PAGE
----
A woman trapped in a life from which she dreams of escape, Jenna's secretly hopes to save enough money from her waitressing job to leave her overbearing and controlling husband. She is a sharp, sassy woman with a gift for making unusual pies whose recipes are inspired by the trials, tribulations and circumstances of her life. An unwanted...
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A woman trapped in a life from which she dreams of escape, Jenna's secretly hopes to save enough money from her waitressing job to leave her overbearing and controlling husband. She is a sharp, sassy woman with a gift for making unusual pies whose recipes are inspired by the trials, tribulations and circumstances of her life. An unwanted pregnancy changes the course of events giving her an unexpected confidence via letters to her unborn baby.
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The late Adrienne Shelly's final film is one of the tastier treats in some time—yet not too tart. There's even a temptation to wake that crusty, old film proverb "a chick flick that guys can enjoy" from hibernation.
For waitress Jenna (Keri Russell), life is pie—but that's strictly in culinary terms, not metaphorical. In fact, life is anything but easy or exciting for her: She spends every day working for a boss (Lew Temple) she hates before going home to a husband, Earl (Jeremy Sisto), she hates even more. The lone highlight of Jenna's day—besides seeing her only two friends, Becky (Cheryl Hines) and Dawn (Adrienne Shelly), at work—comes when assembling, naming and baking her town-renowned daily pie; today it's the self-explanatory "I Don't Want Earl's Baby" pie. To her, having a baby would put on hold her dreams of winning an upcoming $25,000 pie contest, which would enable her to leave Earl. Alas, she finds out she is pregnant with Earl's baby, but something good comes out her trip to the OB/GYN—her new, young doc from Connecticut, Dr. Pomatter (Nathan Fillion). He's different and his attitude is alien to this Southern town, but he makes Jenna feel like she matters and it's not long before she reciprocates. As her due date nears and their secretive affair progresses, her confusion only grows, but she finds clarity from the most unexpected source.
Russell is a long way from Felicity, the TV show that launched her career, but sometimes escaping the pigeonhole of a character as popular as Felicity Porter takes more than mere time. It often takes a left-of-center role like this one, and if Russell's sole intention was to leave her past in the dust, she succeeds—and then some. As Jenna, she arouses everything from sadness to joy to tears of both, leaving out the forced drama that made her a teen favorite years ago. And yet she maintains an undeniable air of, well, cuteness that enables her to play younger than she is in reality. Equally refreshing, perpetual up-and-comer Fillion (Serenity) does a great job of making his relationship with Russell seem an unlikely one. He also displays great comedic skills, which we last saw in '05's Slither. Frankly, there's no good reason he's not a leading man. Curb Your Enthusiasm's Hines, about the last actress you'd pick to play a Southern waitress, gives her best movie performance to date, even if only by proving doubters like myself wrong. Indie vets Shelly (Factotum) and Sisto (Six Feet Under) are also impressive in their comedic and somewhat villainous roles, respectively. And Andy Griffith even stops by for some memorable lines!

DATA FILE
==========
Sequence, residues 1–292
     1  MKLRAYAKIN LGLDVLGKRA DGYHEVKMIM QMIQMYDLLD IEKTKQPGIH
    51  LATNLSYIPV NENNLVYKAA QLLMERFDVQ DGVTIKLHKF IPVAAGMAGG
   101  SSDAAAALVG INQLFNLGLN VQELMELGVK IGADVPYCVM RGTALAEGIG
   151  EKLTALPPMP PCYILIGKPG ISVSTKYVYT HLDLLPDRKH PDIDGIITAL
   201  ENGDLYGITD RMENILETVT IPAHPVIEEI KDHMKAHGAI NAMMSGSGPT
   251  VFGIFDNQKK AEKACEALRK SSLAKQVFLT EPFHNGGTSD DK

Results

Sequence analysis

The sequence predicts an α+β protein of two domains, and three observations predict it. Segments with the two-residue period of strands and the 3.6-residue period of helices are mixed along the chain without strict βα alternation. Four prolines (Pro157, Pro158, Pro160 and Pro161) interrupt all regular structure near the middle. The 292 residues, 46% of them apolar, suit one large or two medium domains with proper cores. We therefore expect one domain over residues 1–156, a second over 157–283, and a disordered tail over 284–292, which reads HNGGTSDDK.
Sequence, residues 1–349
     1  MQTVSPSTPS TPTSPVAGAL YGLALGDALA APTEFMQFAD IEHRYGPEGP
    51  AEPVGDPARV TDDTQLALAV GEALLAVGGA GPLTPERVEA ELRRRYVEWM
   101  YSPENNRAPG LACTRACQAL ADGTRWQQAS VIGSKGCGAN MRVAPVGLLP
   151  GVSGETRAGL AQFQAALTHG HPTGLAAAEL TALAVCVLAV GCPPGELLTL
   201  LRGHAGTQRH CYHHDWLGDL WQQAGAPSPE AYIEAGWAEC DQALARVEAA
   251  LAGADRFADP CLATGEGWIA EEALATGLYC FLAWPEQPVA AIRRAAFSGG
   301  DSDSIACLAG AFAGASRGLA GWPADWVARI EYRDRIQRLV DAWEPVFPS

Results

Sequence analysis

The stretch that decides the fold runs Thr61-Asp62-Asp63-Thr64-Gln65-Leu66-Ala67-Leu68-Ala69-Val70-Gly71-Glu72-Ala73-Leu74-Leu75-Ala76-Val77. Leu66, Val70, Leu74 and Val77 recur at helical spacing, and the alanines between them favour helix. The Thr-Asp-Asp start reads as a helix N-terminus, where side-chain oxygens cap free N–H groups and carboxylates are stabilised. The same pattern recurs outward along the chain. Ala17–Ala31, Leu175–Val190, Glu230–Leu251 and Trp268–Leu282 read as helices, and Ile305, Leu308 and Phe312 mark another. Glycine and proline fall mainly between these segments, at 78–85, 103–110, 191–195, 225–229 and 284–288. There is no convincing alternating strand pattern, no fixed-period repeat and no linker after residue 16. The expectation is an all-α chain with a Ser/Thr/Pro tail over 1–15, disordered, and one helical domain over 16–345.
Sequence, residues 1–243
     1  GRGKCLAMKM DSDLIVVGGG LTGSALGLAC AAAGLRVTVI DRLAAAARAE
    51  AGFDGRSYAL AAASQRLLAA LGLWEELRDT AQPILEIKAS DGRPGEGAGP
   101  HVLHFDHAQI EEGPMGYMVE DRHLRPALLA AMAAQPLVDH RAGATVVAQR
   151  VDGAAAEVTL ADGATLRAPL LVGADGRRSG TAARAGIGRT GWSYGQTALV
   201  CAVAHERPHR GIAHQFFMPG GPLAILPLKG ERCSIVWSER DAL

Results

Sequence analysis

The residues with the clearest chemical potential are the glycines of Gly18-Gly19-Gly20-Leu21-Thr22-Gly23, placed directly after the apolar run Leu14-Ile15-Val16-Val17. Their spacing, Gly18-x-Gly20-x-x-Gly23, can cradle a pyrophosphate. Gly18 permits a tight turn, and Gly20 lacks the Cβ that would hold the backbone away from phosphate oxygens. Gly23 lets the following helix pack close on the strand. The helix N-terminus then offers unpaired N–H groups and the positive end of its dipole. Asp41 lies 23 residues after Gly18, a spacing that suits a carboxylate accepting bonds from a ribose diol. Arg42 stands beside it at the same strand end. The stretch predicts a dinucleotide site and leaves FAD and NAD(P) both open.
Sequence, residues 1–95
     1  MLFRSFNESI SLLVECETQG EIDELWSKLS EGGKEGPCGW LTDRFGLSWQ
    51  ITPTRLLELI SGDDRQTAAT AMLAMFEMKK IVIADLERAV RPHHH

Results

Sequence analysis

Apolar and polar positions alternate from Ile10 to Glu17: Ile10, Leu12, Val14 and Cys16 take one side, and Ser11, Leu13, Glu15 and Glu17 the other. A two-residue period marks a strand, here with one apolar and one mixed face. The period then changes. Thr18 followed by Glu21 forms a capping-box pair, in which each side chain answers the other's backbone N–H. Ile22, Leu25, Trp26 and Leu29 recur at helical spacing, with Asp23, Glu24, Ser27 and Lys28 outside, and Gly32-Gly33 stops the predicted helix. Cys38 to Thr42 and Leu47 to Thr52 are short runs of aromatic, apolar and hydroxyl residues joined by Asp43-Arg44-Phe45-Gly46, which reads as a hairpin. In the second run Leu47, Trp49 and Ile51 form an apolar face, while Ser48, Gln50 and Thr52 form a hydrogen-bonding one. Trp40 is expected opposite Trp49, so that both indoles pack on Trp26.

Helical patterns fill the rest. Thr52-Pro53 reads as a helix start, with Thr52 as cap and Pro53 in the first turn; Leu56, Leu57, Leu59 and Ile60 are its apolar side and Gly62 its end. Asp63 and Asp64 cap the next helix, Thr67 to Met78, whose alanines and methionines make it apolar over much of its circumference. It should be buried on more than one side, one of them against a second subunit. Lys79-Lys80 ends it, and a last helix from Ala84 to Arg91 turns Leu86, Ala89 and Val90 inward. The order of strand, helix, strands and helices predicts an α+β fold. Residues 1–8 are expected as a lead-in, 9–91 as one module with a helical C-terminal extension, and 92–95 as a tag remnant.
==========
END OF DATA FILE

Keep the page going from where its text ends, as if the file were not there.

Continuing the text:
Beneath this syrupy sweet tale of pleasantness lies a pitch-black back story: Waitress writer/director/costar Adrienne Shelly was murdered in New York City towards the end of completing her movie. The shame of that, in movie terms, lies not only in the fact that she will obviously never see what is her best and most accessible directing effort, but also that she clearly possessed massive talent and we'll never know where she might've taken it. With Waitress, Shelly created a warm, fuzzy and vaguely nostalgic Southern dramedy, with much less emphasis on the drama. And while her characters might not be completely honest representations of the South, Shelly at least steers clear of offensive stereotypes that seem to saturate today's movies, opting to make Jenna's plight the true conflict instead of choosing the proverbial "Southern climate." Elsewhere, Shelly does virtually no wrong. Waitress is exclusively about the female point of view, which is quite refreshing. Shelly's long takes of quirky dialogue between female characters—think G-rated Tarantino—are nothing short of hilarious, and although the proceedings tend to take a conventional turn, you're always caught by surprise. As the tearjerker, female-empowerment ending unfolds, you can't help but wipe the smile from your face and wish Shel
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